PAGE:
KLM says it is "an unprecedented crisis" due to Covid-19 and that the bailout is necessary to secure its future
Ryanair has called on the EU Commission to block what it claims is "illegal state aid" of €3.4 billion to KLM.
The financing package was announced by the Dutch government to help its flag carrier survive during the coronavirus pandemic.
Conditions include a requirement for KLM to cut costs by 15pc, improve the airline’s sustainability and reduce the number of night flights it carries out at Amsterdam's Schiphol Airport.
But Ryanair claims the package is "illegal", bad for consumers, and equates to "a subsidy of €200 on behalf of every man, woman and child of Holland".
"For this €200 KLM subsidy, every Dutch man, woman and child could buy five flights with Ryanair, instead of paying for the failure and inefficiency at Air France-KLM," CEO Michael O'Leary said.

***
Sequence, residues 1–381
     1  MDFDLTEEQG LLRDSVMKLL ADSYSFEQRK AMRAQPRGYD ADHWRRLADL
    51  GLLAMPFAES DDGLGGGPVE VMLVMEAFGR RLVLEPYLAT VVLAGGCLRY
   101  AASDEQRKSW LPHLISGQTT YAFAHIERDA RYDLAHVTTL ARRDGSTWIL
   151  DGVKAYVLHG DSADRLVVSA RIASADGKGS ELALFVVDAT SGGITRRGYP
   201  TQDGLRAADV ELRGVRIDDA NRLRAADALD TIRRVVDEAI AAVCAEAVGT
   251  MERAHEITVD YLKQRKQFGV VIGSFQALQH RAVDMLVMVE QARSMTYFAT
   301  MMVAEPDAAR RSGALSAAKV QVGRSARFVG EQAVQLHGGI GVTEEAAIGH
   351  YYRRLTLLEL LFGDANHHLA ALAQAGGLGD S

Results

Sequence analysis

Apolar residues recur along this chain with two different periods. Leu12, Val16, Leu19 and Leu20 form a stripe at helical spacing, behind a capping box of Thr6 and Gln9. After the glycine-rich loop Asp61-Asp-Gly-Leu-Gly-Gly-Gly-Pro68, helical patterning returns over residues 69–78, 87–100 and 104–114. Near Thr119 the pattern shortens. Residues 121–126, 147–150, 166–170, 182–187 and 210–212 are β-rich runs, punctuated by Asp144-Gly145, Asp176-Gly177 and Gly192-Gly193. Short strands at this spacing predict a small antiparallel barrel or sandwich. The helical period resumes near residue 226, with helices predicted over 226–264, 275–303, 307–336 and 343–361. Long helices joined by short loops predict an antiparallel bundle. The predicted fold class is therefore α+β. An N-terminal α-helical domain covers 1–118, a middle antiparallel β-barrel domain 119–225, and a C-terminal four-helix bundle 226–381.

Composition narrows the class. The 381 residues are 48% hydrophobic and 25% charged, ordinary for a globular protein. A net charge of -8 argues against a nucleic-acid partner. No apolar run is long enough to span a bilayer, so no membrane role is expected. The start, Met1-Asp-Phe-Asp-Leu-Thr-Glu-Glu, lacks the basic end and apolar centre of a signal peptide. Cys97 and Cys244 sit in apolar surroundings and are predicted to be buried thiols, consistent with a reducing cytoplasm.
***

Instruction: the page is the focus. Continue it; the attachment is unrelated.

KLM is part of the Air-France-KLM group since 2004.
O'Leary also called on the European Commission to block what he termed "subsidy doping" that would reduce competition.
Ryanair has aggressively opposed state rescue packages for European airlines, billing a €9 billion bailout of Lufthansa which gave the German government a 20pc stake as a "waste of taxpayers' money", for example.
However, KLM says it is "an unprecedented crisis" due to Covid-19 and that the financing was necessary to secure its future.
"With the financing package, KLM can continue to fulfil its important social role in economic recovery and sustainability," said CEO Pieter Elbers, who added that it would enable the airline to draw up a restructuring plan and adapt "to the changed economic reality".
“KLM is a strategic asset for the Netherlands, and I’m pleased to have seen the country rally around this national champion during this very challenging period," added Benjamin Smith, CEO of the Air France-KLM Group.
The Dutch state aid to KLM comes in addition to a €7 billion funding package granted by the French State to Air France this May.
The package is subject to parliamentary approval in the Netherlands.
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Ryanair will not cancel flights to and from the United Kingdom despite the introduction of a 14-day quarantine for international travellers because thousands of Britons are still booking holidays, boss Michael O'Leary said on Monday.